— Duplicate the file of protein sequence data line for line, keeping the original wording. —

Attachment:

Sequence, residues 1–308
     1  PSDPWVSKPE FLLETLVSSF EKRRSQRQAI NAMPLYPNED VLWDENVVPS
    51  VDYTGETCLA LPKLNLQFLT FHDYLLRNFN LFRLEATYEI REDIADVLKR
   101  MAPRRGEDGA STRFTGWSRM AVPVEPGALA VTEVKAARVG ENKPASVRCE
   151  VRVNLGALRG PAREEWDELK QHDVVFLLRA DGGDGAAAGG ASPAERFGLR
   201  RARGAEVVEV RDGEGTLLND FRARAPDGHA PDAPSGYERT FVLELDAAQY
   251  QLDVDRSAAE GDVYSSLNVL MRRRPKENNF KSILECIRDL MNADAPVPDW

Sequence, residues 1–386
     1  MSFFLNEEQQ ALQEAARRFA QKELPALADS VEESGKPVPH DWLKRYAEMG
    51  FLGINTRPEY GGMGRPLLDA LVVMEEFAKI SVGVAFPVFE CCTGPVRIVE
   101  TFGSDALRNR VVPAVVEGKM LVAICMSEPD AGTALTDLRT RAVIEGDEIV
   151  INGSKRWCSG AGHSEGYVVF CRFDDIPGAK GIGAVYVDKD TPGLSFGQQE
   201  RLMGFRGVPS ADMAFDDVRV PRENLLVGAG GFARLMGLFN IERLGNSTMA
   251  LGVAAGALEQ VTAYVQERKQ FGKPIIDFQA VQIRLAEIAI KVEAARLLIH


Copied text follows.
Sequence, residues 1–308
     1  PSDPWVSKPE FLLETLVSSF EKRRSQRQAI NAMPLYPNED VLWDENVVPS
    51  VDYTGETCLA LPKLNLQFLT FHDYLLRNFN LFRLEATYEI REDIADVLKR
   101  MAPRRGEDGA STRFTGWSRM AVPVEPGALA VTEVKAARVG ENKPASVRCE
   151  VRVNLGALRG PAREEWDELK QHDVVFLLRA DGGDGAAAGG ASPAERFGLR
   201  RARGAEVVEV RDGEGTLLND FRARAPDGHA PDAPSGYERT FVLELDAAQY
   251  QLDVDRSAAE GDVYSSLNVL MRRRPKENNF KSILECIRDL MNADAPVPDW

Sequence, residues 1–386
     1  MSFFLNEEQQ ALQEAARRFA QKELPALADS VEESGKPVPH DWLKRYAEMG
    51  FLGINTRPEY GGMGRPLLDA LVVMEEFAKI SVGVAFPVFE CCTGPVRIVE
   101  TFGSDALRNR VVPAVVEGKM LVAICMSEPD AGTALTDLRT RAVIEGDEIV
   151  INGSKRWCSG AGHSEGYVVF CRFDDIPGAK GIGAVYVDKD TPGLSFGQQE
   201  RLMGFRGVPS ADMAFDDVRV PRENLLVGAG GFARLMGLFN IERLGNSTMA
   251  LGVAAGALEQ VTAYVQERKQ FGKPIIDFQA VQIRLAEIAI KVEAARLLIH